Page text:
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Best Practices for Using Eyewitness Footage

About This Course

The viral "Syrian War" video that was actually filmed on a set in Malta. The elevator surveillance footage of Ray Rice attacking his partner. Social media posts of teenage sex offenders. Videos of executions carried out by terrorist groups.

User-generated content presents new ethical challenges for journalists. Does sharing videos created by extremist organizations aid their goals by provoking fear, or is sharing a necessary part of reporting? Should eyewitnesses be asked permission before their videos are broadcast, or would that hinder the reporting process? How can journalists report on abuse caught on camera without violating the privacy or impacting the security of those seen on video?

This webinar will walk you through ethical challenges posed by eyewitness footage, and provide strategies to assess the risk of using that footage and minimize potential harm to your audience, citizen journalists, and average people caught on camera.

What Will I Learn?

  • Whether to use video of crisis situations sent by your users
  • A checklist to verify the credibility of the video
  • Ethical challenges of sharing the video with your audience
  • How to assess the potential harm of sharing footage
  • Best practices when working with graphic footage, perpetrator videos and unverified media

Who Should Take this Course?

Video reporters, producers and news directors who curate video sent by social media, editors who have to decide on deadline what to publish, and anyone who uses eyewitness footage. Journalism instructors and ethicists will learn how to introduce these issues to their students.

Course Instructor

Madeleine Bair

Madeleine Bair is an award-winning journalist and filmmaker, and an expert on human rights video advocacy, verification of online footage, and the role of citizen video in exposing abuse and bringing about justice. At the international human rights organization, WITNESS, Madeleine’s work is dedicated to advancing the safe and effective use of eyewitness video as a tool for human rights. She led the Webby-nominated Human Rights Channel and is lead author of the organization’s groundbreaking Ethical Guidelines for Using Eyewitness Video in Human Rights.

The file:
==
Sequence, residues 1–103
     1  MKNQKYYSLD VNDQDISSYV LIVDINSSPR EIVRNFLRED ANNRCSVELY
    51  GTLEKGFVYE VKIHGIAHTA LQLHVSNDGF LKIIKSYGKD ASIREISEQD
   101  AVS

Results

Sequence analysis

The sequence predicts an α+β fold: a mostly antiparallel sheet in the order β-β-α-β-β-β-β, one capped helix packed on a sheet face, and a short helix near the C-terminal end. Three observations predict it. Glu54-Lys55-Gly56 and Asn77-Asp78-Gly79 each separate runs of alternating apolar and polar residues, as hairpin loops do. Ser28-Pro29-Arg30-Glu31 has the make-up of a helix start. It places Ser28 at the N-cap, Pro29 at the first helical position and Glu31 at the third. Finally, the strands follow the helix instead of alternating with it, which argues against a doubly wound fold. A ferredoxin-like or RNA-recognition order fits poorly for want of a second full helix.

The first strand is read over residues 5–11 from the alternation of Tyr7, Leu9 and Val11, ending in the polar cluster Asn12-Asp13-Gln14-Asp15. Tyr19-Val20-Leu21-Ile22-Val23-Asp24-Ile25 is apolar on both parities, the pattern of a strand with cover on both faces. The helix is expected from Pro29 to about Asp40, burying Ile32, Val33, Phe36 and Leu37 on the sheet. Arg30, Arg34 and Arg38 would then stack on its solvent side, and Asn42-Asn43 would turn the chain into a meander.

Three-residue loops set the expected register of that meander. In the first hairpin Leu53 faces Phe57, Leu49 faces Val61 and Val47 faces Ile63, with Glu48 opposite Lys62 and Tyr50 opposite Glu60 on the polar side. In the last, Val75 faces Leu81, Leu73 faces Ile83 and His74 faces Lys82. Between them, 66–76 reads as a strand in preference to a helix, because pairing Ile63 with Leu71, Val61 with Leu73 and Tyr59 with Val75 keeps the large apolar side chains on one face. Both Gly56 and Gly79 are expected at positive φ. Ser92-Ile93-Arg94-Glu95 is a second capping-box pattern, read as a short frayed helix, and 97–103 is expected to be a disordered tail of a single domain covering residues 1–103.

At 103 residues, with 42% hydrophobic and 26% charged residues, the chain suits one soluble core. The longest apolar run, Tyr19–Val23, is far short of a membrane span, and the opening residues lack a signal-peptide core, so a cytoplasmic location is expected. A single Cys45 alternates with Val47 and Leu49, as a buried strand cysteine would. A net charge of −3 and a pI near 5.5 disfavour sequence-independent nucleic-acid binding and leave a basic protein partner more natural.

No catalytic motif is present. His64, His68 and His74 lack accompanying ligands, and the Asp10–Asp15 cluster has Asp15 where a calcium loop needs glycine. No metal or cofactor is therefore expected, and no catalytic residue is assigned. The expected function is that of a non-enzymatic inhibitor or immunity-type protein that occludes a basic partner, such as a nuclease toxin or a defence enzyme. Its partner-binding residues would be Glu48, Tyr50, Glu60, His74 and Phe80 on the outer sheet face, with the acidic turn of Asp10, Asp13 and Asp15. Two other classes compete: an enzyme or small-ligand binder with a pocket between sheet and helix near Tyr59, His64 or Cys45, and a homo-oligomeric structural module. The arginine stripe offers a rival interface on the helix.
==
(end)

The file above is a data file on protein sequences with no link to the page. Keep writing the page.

Before joining WITNESS, Madeleine served as an I.F. Stone Fellow with Human Rights Watch’s multimedia team, where she created videos and podcasts to accompany field reports of researchers. She has traveled the world as a print, radio, and multimedia reporter. Her stories have appeared in the Washington Post, San Francisco Chronicle, and Orion, and broadcast on PRI's The World. Her documentary film on a first-generation high school graduate aired on the public television program, POV, as part of its Latino Graduates series.

Madeleine earned a dual MA in Journalism and International Studies from UC Berkeley, and a BA from the University of Chicago.

Frequently Asked Questions

What web browser should I use?

The Open edX platform works best with current versions of Chrome, Firefox or Safari, or with Internet Explorer version 9 and above.

See our list of supported browsers for the most up-to-date information.